Raw and heartbreaking post, Catherine. I know those feelings of losing someone and wanting a re-do of life with them, and I’m sorry you’re going through that now. I think you’ve found a pretty brilliant lesson in all of this, though. There is such a value in sharing your life with someone, and too many people don’t see the important of love until its too late. Big Hugs, lady!

    • June 1, 2011 11:07 pm

      Thanks, Tori. I really appreciate your support, and can’t tell you how much I agree about the value of sharing your life with someone. I saw someone accept a lifetime achievement award the other day, and in their acceptance speech, they thanked their husband, who supported them through thick and thin, and said, “because this is not just my career, it’s OUR career.” It was so beautiful and just another reminder that I want someone to feel that way about. And I think I deserve it.
      Also, as a side note, I feel awful that I’ve been so out of it lately that I haven’t been able to read your blog. I really enjoy it, I just haven’t had much time to breathe. I really look forward to catching up.

  10. Kelly permalink
    May 26, 2011 11:31 am

    I know exactly how you feel, and I am sorry for your loss. Just remember the good times that you had with him and know that he will always be angel in heaven looking down over and protecting you and your family.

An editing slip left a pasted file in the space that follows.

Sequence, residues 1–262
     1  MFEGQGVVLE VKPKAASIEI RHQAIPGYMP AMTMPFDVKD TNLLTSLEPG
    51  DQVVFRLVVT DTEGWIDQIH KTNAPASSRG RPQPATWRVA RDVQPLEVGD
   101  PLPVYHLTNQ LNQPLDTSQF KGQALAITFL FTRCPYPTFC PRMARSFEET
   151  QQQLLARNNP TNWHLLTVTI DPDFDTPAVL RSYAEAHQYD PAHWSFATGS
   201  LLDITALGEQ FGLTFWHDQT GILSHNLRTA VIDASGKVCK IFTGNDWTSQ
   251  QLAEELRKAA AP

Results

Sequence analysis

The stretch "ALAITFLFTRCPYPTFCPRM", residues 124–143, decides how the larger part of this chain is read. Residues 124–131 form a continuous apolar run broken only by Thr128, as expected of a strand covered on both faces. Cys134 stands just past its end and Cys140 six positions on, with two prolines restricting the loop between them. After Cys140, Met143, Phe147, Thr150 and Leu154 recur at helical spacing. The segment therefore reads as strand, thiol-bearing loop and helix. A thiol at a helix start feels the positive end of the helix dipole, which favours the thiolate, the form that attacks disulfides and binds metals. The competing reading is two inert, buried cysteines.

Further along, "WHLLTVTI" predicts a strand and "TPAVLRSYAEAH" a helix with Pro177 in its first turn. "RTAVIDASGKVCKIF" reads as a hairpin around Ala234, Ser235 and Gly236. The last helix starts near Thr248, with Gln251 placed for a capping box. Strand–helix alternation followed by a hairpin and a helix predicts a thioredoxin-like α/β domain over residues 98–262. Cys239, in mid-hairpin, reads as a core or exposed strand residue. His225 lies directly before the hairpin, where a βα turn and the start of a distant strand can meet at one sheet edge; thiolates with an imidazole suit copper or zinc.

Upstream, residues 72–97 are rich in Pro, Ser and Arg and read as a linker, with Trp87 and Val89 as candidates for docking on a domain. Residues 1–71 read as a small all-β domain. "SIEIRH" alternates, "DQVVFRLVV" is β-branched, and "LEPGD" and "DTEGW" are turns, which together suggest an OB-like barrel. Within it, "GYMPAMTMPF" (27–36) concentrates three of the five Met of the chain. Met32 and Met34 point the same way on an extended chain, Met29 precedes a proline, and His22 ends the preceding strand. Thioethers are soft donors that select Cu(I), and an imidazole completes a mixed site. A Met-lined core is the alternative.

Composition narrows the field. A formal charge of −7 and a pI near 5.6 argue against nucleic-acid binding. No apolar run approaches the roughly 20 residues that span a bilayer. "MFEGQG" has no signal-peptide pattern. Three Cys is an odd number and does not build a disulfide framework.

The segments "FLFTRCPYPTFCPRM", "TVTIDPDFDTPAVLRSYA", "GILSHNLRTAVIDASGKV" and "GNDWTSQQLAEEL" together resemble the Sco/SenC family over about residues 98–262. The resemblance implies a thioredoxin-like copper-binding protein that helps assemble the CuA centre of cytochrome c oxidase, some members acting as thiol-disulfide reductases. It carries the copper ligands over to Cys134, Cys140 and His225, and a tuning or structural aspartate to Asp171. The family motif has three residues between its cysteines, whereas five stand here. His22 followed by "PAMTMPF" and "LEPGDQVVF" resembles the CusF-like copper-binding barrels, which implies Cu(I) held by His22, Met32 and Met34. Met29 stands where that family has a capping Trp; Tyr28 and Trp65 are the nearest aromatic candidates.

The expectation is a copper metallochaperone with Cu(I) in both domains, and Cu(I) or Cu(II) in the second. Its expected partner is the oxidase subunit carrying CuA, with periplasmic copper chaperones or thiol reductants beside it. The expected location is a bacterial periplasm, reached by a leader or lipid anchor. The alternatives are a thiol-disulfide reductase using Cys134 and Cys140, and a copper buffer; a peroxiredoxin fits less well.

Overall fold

• June 1, 2011 11:05 pm

      Thanks, Kelly. I saw some of your Facebook posts this week and it does seem you know exactly what I’m feeling. I hope you are going to be OK too.

  11. May 26, 2011 11:42 am

    Beautiful post Catherine. I am sorry for your loss, but I am happy you have taken time to let it sink in and have come to the conclusions you came to. It’s important to take in the lessons life is offering in these moments, and to check in with what your truths are.

    • June 1, 2011 11:04 pm

      Larissa,
      Thank you very much. I’m trying to remember these lessons – sometimes it’s easy to let them slip by and go back into the old habits, isn’t it?

  12. May 26, 2011 3:10 pm

    I am so sorry for your loss…and I can relate due to things going on in my life right now….thank you so much for such an important reminder.

    • June 1, 2011 10:54 pm

      Thanks, Melissa. I’m sorry to hear that you have similar things going on in your life and I’m sending positive thoughts your way.

  13. May 26, 2011 4:38 pm

    My deepest condolences on the passing of your uncle. Looking forward to a new chapter in the life and times of Catherine, a woman who now knows exactly what she wants.

  14. Deb permalink
    May 26, 2011 5:55 pm

    I swear you have to be one of the best writers in the world…Uncle Michael was the best, and it kills me that even at death I couldn’t attend the affair. He was a wonderful man, I feel honored to be loved by him. Just like you said he was never one to complain about what was going on. He was what every man should be. BTW great pics, I love them :o) And once again a wonderful blog, you should of been the one to write is obituary….I love you!!!!

    • June 1, 2011 10:53 pm

      Aww, thank you Deb. We really missed you at the funeral but I’m glad you were able to participate with your jacket and by text message :). Glad you like the pics, wish they’d come out clearer. I also wish I had more of him before he was sick, but I’m thankful for these. I love you too!

  15. Grey Goose, Dirty permalink
    May 26, 2011 8:07 pm

    Catherine, I just finished your beautiful post with tears in my eyes. I am so sorry about your Uncle’s passing. Death does make you look at things with an entirely new perspective.